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Barclays downgrades Lam Research, says comeback in chip stocks is a ‘head fake’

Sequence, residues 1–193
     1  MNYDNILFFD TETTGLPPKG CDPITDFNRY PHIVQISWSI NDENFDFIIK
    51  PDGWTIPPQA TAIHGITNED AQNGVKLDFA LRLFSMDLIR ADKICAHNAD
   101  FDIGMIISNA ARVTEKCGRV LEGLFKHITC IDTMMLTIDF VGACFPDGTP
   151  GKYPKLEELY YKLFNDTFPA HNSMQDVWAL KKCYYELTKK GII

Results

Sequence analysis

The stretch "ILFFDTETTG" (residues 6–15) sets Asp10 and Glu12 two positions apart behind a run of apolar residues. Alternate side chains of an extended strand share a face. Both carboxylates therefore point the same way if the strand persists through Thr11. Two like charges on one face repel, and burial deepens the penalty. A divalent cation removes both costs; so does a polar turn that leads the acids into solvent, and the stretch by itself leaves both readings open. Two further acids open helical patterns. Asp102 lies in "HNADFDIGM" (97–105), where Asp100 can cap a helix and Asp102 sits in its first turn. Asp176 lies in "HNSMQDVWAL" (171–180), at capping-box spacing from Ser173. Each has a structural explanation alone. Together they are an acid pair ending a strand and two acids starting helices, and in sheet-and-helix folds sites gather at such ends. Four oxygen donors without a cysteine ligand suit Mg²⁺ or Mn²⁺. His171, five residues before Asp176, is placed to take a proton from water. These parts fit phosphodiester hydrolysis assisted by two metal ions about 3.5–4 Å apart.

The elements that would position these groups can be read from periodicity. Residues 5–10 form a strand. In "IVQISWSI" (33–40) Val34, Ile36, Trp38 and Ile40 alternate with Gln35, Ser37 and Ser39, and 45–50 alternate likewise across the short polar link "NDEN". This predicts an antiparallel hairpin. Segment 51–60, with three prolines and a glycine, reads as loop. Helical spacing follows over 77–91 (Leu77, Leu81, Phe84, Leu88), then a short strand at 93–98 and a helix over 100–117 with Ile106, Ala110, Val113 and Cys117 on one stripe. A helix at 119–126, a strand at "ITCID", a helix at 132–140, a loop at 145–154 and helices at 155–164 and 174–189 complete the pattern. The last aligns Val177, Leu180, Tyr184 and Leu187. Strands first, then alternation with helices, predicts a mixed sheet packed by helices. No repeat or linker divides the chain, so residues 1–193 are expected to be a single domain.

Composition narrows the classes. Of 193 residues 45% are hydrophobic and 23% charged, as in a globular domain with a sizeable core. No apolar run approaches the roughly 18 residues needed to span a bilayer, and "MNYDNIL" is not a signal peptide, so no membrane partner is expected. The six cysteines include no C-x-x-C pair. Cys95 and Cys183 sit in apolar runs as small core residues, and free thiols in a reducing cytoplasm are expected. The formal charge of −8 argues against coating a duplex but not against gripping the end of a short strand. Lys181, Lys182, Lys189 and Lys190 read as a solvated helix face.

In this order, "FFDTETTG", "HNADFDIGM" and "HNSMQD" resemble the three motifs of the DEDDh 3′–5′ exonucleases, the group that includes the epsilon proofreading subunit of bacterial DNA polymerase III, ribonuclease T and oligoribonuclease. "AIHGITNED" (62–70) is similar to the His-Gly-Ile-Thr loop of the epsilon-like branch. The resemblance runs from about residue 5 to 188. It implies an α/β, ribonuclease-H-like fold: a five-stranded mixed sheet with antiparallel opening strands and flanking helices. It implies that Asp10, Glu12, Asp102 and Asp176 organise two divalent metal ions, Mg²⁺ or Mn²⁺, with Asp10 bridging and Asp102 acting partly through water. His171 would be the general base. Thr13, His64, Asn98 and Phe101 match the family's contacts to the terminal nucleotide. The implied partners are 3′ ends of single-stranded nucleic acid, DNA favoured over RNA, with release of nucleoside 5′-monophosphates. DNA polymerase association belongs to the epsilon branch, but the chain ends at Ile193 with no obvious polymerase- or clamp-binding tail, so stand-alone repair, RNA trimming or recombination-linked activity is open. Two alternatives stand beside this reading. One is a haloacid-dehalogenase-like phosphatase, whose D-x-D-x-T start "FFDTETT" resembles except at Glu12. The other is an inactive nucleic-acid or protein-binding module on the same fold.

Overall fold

The recent bounce in semiconductor names is likely only a “head fake,” Barclays says. Analyst Blayne Curtis downgraded shares of Lam Research to equal weight as part of a broader dire outlook on the semi space, saying that the maker of chip equipment is among a slew of names due for a “substantial reset” following a double-digit rally in recent weeks. “Semi cap may look attractive on first pass but we see further downside even when assuming normalized earnings and multiples,” Curtis said. “We see a semi correction in 2023/24 and don’t see how the equipment used to produce those chips avoids an even larger correction as the market moves to oversupply.” Curtis believes further downside is ahead for Lam Research’s earnings within the 30% to 40% range. “LRCX is unique in that it has actually shipped much of the equipment in its $2B backlog but is waiting for one or two components to recognize the sale,” Curtis wrote. “The company sees this as reason to remain confident that numbers are moving higher, but we see this as a burden as utilization will have to drop that much more when the eventual cuts come.” Along with the downgrade, Barclays trimmed estimates on the semiconductor stock, which has plummeted more than 35% this year and cut the bank’s price target to $450 a share. The fresh target implies a 3% downside for the stock in the near term. Curtis also downgraded shares of Camtek to equal weight in the same note, citing slowing orders in the capital equipment market. The Philadelphia Semiconductor Index is up 11% in July, but still down more than 27% on the year on China Covid shutdowns and global recession fears. The analyst also said he sees weak guidance this earnings season from names exposed to the consumer like Nvidia , Intel and Qorvo . Overall, he believes the whole chip sector will lower their earnings outlook on average by 30% to 40%. “We don’t like much of anything in the group and think the recent bounce only sets a higher bar for the correction coming,” wrote Curtis. — CNBC’s Michael Bloom contributed reporting

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